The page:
EL PASO – Computer science and special education majors do not normally meet to discuss each other’s research, but Amanda Sepulveda and Garrett Shaw met throughout the spring 2014 semester to share research in preparation for a competition funded by the Campus Office of Undergraduate Research Initiatives (COURI).
Sepulveda is a special education major researching autism spectrum disorder, and Shaw is a computer science major researching optimization of high performance computing. They made up the winning team among the 50 that competed in COURI’s, “Explaining Research to a Non-Expert Audience” competition April 16-17.
The competition was a prelude to a two-day undergraduate research symposium hosted by COURI that gave undergraduates the chance to present and discuss their research with faculty, peers, and the El Paso community.
COURI was founded to help engage undergraduates in scholarly research. The purpose of the competition was to prepare students to present their research to audiences that may not be familiar with the jargon normally used in each field.
Students were divided into teams of two — each from a completely different discipline — and each had to present and explain their teammate’s research in two minutes. First place and honorable mention were given to a student in each category. The success of the teams in the competition was based on the student’s ability to explain their research to their partners as well as to the audience.
Research topics ranged from education to biomedical advances to super computer data processing.
The abstracts for these projects were complicated, however, as the symposium opened up and the posters with the research findings were displayed in the lobby, the majority of the audience did not question the basic premise of the research.
Getting paid to do research in an academic field is not an opportunity often given to undergraduates at many universities. However, COURI provides compensation to undergraduate students who do research in their field.
The students are given an opportunity to conduct their research with an expert mentor and a supervisor.
“The idea behind this competition is to try to teach students how to explain their research to others [such as] politicians and policy makers, who might not be experts in that field,” said COURI director Lourdes Echegoyen, Ph.D.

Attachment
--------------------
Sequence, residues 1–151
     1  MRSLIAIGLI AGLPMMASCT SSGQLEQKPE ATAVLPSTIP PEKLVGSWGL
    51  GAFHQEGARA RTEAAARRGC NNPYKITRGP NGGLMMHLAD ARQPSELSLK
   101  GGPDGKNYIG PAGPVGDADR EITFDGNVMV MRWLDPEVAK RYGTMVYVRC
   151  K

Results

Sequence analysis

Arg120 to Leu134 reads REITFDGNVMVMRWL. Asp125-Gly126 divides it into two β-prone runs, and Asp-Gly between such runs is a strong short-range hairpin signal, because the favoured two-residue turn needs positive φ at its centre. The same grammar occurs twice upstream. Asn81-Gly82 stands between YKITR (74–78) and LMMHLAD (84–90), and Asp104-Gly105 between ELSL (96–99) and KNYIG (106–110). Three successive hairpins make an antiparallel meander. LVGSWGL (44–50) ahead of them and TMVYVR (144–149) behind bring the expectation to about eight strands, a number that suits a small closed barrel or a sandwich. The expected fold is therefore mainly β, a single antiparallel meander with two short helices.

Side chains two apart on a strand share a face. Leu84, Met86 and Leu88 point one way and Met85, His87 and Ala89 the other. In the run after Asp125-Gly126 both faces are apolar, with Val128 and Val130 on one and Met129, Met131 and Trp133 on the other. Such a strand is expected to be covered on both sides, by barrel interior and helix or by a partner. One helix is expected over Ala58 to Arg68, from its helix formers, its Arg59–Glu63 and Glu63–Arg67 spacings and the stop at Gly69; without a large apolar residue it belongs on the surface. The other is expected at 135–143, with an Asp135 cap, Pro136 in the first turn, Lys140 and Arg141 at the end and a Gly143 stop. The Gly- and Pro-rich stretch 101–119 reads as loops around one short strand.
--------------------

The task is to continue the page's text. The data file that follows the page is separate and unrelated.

“One of the things that interested me in research was the possibility of making a difference in my field,” Sepulveda said.
For Shaw, the competition helped him step back from the research and think about it in layman’s terms.
“We communicated well and we really did sit down beforehand and discuss the main points we needed to hit,” Shaw said about his interaction with Sepulveda.” It is difficult to avoid getting caught up in the research and this competition helped me explain exactly what I do in layman’s terms, so everyone can understand.”
Sepulveda said that this opportunity forced her to ask and answer some important questions about her research.”Why would the general public care… why is my research important to the world?”
The answers to these questions led to a better understanding of her topic and a more universal appeal and applicability to her research.
Echegoyen said she was pleased with the way the competition turned out.
”I was very happy with how well all the students handled their presentations,” she said in the final COURI awards ceremony April 26. “I know it is not easy doing this, but the payoff is well worth the effort every one of you put in.”
The 2014 COURI Symposium marked the first time all university colleagues and schools were represented. Guest speakers included Rob La Frenais, Ph. D., noted critic and curator of The Arts Catalyst; UTEP Professor of Chemistry, Luis Echegoyen, Ph. D.; and Herb Childress, Ph. D., co-founder and director of Metaphor at Teleidoscope Group, a consulting firm on higher education, design, community development, consumer behavior and attitudes, and communications.
There are currently plans for another symposium in the summer at UTEP.